I was enjoying teaching, writing, and directing plays for children, but I felt as if the world owned every piece of me. I needed to do something creative that I could do for and by myself, that didn’t depend on anyone else’s schedule, needs, wants, or wishes. I thought about painting, which would fit into my tightly scheduled life, but when I painted, what came out of my fingers can only be described as ferschtunkenah, a word I made up, that sounded like my paintings looked—awful. But, the urge to make something was too strong to ignore. Ceramics was out. Too messy in a small house, with no place to store or use clay. I had no money to invest in jewelry-making, even if I had the talent, which was doubtful.
A friend told me about a weaver with a great sense of humor who was going to teach at the Delaware Arts Center. “She could even teach you,” grinned my friend. I was so desperate to find a creative outlet, something just for me. I signed up. I had never thought about weaving but the course wasn’t expensive and it fit my schedule.
The weaving teacher focused on process. Eleven of the twelve of us who signed up wanted to weave placemats. They were unhappy. I reveled in the freedom of process and looked forward to learning more. Toward the end of the course, only four sessions of which focused on weaving techniques, the eleven placemat weavers quit and the remaining sessions were cancelled. As important as the few weaving techniques I learned, was the realization I couldn’t weave on a traditional loom with moving parts that clanged as the shuttles and heddles and treadles went up and down, in and out—the feet doing one thing, hands doing another, and who knows about the mind.
Coincidently, a man who lived in my community asked if I’d befriend his wife, a professional weaver from Norway. I found her difficult and wasn’t surprised when he told me his wife had left him. He said he’d had a loom made for her that she’d never used, a tapestry loom, essentially a big picture frame with no moving parts. I asked to borrow it. Even warping (the vertical threads on a loom) was different. Unlike a conventional loom, where warping is a continual process, with equal tension until you have the length of warp needed to make the finished product, I had to put each piece of yarn on separately and tie it off. My warp was sometimes four and a half feet long and about five feet high. By the time I finished warping, the threads I put on first had loosened so I had to tighten them, but I was never able to make the tension on the warp threads consistent. I learned to accept and use the varying tension in the warp. When a weaver takes off a piece from a conventional loom the weaving is flat unless the weaver has added texture. When I take a weaving off, the uneven warp tension creates texture and is never flat. I had to learn to enjoy my imperfections as a weaver working on a less than perfect loom.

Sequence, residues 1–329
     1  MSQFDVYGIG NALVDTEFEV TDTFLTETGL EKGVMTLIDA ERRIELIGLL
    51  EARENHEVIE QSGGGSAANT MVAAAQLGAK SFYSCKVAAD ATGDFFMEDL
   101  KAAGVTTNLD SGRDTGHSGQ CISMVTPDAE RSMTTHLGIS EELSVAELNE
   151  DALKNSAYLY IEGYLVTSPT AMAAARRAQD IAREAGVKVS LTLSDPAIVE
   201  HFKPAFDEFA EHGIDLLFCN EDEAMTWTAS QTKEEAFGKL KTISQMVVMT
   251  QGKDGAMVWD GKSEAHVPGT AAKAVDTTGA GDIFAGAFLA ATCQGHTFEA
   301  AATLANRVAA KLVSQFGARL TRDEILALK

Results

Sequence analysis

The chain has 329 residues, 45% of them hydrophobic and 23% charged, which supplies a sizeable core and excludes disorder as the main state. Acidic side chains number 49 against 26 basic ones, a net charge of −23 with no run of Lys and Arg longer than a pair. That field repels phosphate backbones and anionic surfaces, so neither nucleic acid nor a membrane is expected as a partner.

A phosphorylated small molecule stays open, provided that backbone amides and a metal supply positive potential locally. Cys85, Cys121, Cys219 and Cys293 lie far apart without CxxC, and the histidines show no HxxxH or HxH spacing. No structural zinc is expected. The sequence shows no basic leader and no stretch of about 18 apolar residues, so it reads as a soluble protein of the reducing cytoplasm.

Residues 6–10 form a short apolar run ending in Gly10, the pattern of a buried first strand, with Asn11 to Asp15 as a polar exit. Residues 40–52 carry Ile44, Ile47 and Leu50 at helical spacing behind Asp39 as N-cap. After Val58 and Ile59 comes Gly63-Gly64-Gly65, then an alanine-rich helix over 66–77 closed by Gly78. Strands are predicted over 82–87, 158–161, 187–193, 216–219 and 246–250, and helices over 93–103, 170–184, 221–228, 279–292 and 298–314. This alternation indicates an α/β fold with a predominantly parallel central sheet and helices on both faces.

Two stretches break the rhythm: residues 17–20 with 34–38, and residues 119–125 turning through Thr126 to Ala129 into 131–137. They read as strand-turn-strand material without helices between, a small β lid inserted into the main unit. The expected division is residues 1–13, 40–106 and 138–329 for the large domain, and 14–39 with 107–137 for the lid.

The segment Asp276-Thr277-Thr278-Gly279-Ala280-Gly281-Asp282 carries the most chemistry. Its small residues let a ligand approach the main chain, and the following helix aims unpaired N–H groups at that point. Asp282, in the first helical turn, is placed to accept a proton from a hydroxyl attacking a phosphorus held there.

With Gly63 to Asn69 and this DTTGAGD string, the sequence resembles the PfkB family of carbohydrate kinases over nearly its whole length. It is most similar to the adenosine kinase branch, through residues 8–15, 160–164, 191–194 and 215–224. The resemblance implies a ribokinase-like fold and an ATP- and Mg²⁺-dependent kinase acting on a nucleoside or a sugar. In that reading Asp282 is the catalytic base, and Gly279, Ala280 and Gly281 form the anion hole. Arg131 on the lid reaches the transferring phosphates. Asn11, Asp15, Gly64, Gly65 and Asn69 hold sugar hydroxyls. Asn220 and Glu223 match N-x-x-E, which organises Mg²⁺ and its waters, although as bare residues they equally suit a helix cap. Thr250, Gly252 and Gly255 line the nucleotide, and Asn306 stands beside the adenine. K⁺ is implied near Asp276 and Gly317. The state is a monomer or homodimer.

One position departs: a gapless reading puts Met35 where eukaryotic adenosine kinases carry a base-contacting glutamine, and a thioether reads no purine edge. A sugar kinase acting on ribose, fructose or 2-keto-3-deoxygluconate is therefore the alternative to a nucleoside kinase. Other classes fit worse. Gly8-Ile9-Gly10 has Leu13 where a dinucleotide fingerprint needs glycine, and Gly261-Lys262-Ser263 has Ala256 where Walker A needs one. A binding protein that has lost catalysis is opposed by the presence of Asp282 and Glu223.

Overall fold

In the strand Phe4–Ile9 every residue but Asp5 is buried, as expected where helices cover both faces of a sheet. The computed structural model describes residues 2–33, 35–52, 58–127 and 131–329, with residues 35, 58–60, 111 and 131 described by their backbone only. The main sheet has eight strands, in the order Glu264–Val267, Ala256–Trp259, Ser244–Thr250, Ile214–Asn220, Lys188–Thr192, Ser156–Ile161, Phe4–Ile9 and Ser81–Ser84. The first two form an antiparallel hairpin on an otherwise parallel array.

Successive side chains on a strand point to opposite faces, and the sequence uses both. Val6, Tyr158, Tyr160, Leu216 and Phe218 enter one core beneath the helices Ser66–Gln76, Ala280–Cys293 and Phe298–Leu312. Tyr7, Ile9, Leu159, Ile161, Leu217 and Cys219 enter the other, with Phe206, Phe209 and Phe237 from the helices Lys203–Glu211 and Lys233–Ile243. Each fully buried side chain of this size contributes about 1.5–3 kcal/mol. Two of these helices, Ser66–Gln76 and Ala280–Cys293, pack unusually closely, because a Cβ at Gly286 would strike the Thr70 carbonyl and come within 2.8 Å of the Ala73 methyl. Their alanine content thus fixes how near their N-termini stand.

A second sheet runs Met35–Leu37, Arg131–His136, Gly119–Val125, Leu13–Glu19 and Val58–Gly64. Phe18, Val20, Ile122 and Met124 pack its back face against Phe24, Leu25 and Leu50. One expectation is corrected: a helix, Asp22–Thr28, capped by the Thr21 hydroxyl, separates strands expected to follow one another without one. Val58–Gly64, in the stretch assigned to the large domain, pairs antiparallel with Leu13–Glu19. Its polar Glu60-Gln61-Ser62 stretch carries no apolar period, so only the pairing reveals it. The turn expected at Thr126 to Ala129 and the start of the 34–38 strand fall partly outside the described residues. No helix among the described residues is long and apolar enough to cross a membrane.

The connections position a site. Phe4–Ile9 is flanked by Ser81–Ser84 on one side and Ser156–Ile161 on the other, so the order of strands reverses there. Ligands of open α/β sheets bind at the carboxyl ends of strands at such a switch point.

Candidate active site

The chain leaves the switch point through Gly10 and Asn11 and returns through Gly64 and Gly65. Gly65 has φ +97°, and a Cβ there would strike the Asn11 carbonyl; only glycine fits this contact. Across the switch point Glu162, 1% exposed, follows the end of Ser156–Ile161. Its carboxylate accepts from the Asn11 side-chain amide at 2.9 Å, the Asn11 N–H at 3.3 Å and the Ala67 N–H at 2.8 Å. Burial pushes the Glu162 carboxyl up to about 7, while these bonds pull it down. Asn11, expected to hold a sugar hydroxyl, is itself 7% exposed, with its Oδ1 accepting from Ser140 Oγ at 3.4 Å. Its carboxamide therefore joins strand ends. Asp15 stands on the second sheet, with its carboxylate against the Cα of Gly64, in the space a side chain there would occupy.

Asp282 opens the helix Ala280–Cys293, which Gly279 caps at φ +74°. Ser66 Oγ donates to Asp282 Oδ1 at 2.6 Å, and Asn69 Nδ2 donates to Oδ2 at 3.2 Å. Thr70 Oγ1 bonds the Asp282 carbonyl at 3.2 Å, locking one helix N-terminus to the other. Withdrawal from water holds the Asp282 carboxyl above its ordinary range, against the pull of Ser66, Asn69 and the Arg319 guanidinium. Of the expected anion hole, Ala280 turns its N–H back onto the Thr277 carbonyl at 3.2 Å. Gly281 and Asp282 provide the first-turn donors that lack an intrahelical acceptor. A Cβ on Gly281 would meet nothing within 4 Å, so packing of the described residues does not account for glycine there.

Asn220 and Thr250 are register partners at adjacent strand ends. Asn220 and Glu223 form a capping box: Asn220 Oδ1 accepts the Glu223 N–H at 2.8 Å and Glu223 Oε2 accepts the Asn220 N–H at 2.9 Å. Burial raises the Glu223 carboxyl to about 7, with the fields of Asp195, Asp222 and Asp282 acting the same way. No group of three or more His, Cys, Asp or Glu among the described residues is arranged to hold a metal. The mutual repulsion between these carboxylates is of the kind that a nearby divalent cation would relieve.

After I put my first warp on the loom and began weaving, I realized I didn’t want to give the loom back, despite its funky design. It had been made by a carpenter who’d never seen a weaver weave. The loom had no lateral stability, no vertical strength, and the roller had no stops. No wonder my friend’s wife never used it, yet it was perfect for me. No moving parts. No clanging noise. No stress. I asked if I could buy it.
“You have no money,” he said, which was true. We settled on a can of cookies, a loaf of bread, and a weaving. It took some years before he got his weaving; we became friends.
I turned the loom around, stored my yarns on the roller, and figured out how to stabilize the loom laterally, and strengthen it vertically. Using the four techniques I learned in 1968, I continue to weave quietly, slowly, with fingers and a fork, choosing handspun yarn with texture, creating patterns as I work. If I don’t like what I’ve woven I unweave. If I like what I’m weaving I keep going. If I run out of one kind of yarn, I find ways to incorporate other yarn. I weave without a plan, without expectation or schedule. The process is slow. There is no way to weave fast on my loom. If I feel speeded up inside myself, as soon as I begin to weave, my inner world slows down. I’m focused on color and design and texture. For the moment weaving is my world—a respite from problems and pressures.
Before I even made my first weaving I decided I would weave to please myself. If people liked what I wove, fine. If they didn’t, fine. I refused to take commissions or sell what I made. Instead, I give weavings to friends and family. Although I couldn’t paint with paint, I ended up learning to paint with yarn.
What is it that you do for yourself? For your satisfaction? Free from others’ comments?
Nancy King is a widely published author and a professor emerita at the University of Delaware, where she has taught theater, drama, playwriting, creative writing, and multidisciplinary studies with an emphasis on world literature. She has published seven previous works of nonfiction and five novels. Her new memoir, Breaking the Silence, explores the power of stories in healing from trauma and abuse. Her career has emphasized the use of her own experience in being silenced to encourage students to find their voices and to express their thoughts, feelings, and experiences with authenticity, as a way to add meaning to their lives.